The Filipinos’ penchant for drawing parallelisms between a foreign phenomenon and a perceived local version is mind-boggling. Although meant as flattering, the obvious irony (sadly missed by most) is that any comparison is, in essence, derogatory as it sets the foreign phenomenon as a standard and the local counterpart as a mere copycat. Erik Mana, dubbed the David Blaine of the Philippines, sees the point clearly.
But there are copycats who have capitalized on the comparisons to boost their careers. There’s Ramon Zamora, Bruce Lee of the Philippines, who sported a very Bruce Lee hairstyle and made martial arts movies with titles like Return of the Dragon and Bruce Liit. There’s Tony Ferrer, James Bond of the Philippines, who played Tony Falcon in the Agent X-44 movie series. And there’s Eddie Mesa who never hid the fact that he was an Elvis impersonator at least for a period of his entertainment career.
In other words, some comparisons are unfair while others are spot on.
Calling The Ruins in Talisay City the Taj Mahal of Negros is not only an unfair comparison, it is also moronic. It makes for a dramatic title for an article in ZestAir in-flight magazine but it is insulting.
Anyone who has remotely heard of the Taj Mahal knows that it is a mausoleum built with slave labor — a monument that houses a tomb — erected by Mughal emperor Shah Jahan in memory of his third wife, Mumtaz Mahal. The Ruins, although built in memory of a dead wife, was a house and the family of the woman in whose honor and memory it was constructed lived in it. It was not erected for the sole purpose of enclosing a burial chamber.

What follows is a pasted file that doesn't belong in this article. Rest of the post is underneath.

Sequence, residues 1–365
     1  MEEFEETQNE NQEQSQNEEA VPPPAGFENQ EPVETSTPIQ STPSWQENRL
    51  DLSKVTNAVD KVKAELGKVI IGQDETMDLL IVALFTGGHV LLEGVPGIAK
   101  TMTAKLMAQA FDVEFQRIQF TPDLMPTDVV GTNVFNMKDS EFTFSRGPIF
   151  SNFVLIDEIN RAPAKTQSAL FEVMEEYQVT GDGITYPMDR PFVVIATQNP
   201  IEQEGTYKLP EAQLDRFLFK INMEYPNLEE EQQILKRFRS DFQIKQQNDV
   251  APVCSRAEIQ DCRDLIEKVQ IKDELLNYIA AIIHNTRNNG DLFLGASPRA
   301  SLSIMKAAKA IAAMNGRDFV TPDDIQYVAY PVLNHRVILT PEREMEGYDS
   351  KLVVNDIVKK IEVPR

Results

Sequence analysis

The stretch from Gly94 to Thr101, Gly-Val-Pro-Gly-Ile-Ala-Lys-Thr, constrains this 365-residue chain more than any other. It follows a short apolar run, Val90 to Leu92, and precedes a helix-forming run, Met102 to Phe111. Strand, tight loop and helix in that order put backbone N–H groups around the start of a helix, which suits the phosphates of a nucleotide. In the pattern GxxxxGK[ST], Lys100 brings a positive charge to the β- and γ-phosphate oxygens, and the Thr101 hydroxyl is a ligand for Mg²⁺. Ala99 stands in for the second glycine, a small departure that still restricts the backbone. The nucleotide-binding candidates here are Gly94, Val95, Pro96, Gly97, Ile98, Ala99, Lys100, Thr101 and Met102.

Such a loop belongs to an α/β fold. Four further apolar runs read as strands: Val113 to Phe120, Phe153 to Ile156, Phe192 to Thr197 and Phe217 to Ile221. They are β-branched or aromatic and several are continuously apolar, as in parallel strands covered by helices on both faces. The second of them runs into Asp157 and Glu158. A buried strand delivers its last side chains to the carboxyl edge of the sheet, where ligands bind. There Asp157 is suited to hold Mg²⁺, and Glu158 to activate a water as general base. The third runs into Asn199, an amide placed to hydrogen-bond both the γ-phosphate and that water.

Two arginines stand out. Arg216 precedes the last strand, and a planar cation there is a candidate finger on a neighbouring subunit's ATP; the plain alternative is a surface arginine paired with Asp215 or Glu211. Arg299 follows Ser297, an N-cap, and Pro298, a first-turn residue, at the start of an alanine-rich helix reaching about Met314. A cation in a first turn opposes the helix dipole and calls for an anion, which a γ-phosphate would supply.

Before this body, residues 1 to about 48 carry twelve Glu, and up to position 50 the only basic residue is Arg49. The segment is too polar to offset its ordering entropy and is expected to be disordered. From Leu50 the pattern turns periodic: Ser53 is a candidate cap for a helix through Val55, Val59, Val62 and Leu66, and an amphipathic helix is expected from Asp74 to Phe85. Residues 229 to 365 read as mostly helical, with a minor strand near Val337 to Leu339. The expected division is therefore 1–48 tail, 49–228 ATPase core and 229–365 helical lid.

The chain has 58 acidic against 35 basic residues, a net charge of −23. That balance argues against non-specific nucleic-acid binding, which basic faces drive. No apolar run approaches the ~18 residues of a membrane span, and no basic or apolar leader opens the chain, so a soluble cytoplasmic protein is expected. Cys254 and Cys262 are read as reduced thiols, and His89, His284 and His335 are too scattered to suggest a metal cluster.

It is also worth mentioning how out of place the subtitle of the ZestAir article is. … once there was a love deeper than the seas, the subtitle goes. Really? A mansion built by a sugar baron in the middle of Sugarlandia and the subtitle uses the sea a metaphor?
What is known today as The Ruins in Talisay City was the residence of sugar baron Don Mariano Ledesma Lacson. He built it after his wife, Portuguese Maria Braga, died while pregnant with their 11th child. Maria’s ancestry should explain the choice of the Italian-inspired architecture. The construction followed the Spanish technique of using egg whites. Don Mariano lived in that mansion with his unmarried children until the second World War.
Under American command, Filipino guerillas burned down the house to prevent the Japanese from using it as headquarters. If that doesn’t make sense, it is called the scorched earth policy, a military strategy of destroying anything that might be useful to the enemy including buildings, food sources, transportation and communication.
Until it was banned under the 1977 Geneva Conventions, the scorched earth policy was a standard military practice. It was the same strategy utilized by the Americans during the three-year Philippine-American War which, in their embarrassment, has been largely played out in their official history books as a minor skirmish rather than the full-blown war that it truly was.
The Lacson mansion burned for three days, it is said. The roof and the hardwood floorings fell down but the structure remained. Whether or not the omission is intentional, the marker does not mention that the guerillas who burned down the mansion were acting under orders from the Americans.
Its current owner, a Lacson descendant, slowly rehabilitated the structure and the grounds, and transformed what was once a sugar baron’s palatial residence into a tourist attraction known as The Ruins.